Exciting. Jaguar is to recreate the ‘missing’ 128 X-Types that never reached their middle-management drivers in 2008 because a fleet operator cancelled the order.

No, that’s not right. Actually, Jaguar is recreating nine XKSSs that were destroyed by fire in 1957. You may remember it remade some ‘missing’ lightweight E-Types last year, and that went down so well that it has decided to do it again.

Read more: New Jaguar XKSS revealed in LA 

But the X-Type gag, cheap though it was, is a reminder that, no matter how much rich heritage a company has (and Jaguar has its share), there are things in our pasts we’d prefer not to sing and dance about.

For example, Volkswagen invented the Golf (yay) but then fitted it with cheating diesel engines (boo). Bruce Willis made Pulp Fiction and Die Hard (yippee ki yay) but also Hudson Hawk (hmm).

And no matter how happy I am when I remember Team Autocar’s third place in the Silverstone 24-hour race in 2008, I can’t shake the memory, a couple of years previously, of driving a Lotus Exige off a road, down a bank and into a bush, perhaps even a small tree, backwards, entirely of my own volition. You live and learn.

But my concern with Jaguar is that the truly memorable stuff – the great stuff – came before the forgettable stuff. And it was all a long time ago.

This is a company whose more recent history with halo ventures hasn’t treated it particularly kindly. I suspect Formula 1 did it fewer favours than the XJ220 supercar in the long run, but you never know.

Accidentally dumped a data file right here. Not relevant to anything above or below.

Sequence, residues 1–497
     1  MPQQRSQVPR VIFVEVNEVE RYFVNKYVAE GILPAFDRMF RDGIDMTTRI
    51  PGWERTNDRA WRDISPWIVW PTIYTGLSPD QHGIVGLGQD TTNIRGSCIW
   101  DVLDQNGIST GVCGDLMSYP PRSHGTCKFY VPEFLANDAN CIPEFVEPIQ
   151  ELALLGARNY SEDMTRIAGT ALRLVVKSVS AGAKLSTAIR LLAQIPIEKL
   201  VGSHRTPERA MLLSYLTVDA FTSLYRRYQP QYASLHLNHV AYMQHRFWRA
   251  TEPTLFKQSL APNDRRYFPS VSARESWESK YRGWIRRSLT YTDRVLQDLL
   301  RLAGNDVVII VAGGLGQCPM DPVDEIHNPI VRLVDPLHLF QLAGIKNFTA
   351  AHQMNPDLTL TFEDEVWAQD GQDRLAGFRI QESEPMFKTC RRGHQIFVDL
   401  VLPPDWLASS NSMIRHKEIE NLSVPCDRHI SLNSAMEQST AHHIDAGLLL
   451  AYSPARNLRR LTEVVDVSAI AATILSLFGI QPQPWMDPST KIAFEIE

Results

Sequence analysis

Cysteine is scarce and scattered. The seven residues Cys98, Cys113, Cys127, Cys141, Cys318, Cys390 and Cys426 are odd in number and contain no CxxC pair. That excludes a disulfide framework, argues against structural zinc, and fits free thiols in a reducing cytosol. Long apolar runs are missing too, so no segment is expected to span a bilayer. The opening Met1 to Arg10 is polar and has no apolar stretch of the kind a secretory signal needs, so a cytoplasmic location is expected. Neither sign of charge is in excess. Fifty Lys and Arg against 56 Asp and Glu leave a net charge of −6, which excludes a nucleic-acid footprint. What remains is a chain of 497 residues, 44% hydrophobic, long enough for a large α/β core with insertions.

And even those ‘recent’ ventures – F1 and supercars – weren’t exactly recent. Most recently, it made the C-X75 and then seems to have allowed any opportunity from that to have whooshed past it, too.

There is, I suppose, Jaguar’s upcoming entry into Formula E, but that is, with the best will in the world, still Formula E. And there’s its decision to supply an engine that’ll be used as a fuel pump in Bloodhound SSC, which is quite a nice idea, actually.

But is that enough? Not for me. Because of the Defender Challenge, I suspect there are more contemporary Land Rovers wearing racing numbers than there are modern Jaguars, which, for a company with Jaguar’s heritage (and let’s not forget that it’s keen to tell you about it), is a shame. Its milking of the old only highlights in the absence of the new. Pity. The F-Type looks mega and sounds even better, and it deserves to be seen alongside Aston Martins, Mercedes-AMGs, rear-engined Porsches and mid-engined Ferraris in sports car championships.

I know, I know. Racing is expensive and the returns are – unless you’re Porsche, which makes money from selling racing cars – hard to quantify. But when it comes to Jaguar, I just can’t shake the feeling that, instead of trading on the old legends, it should be busy creating some new ones.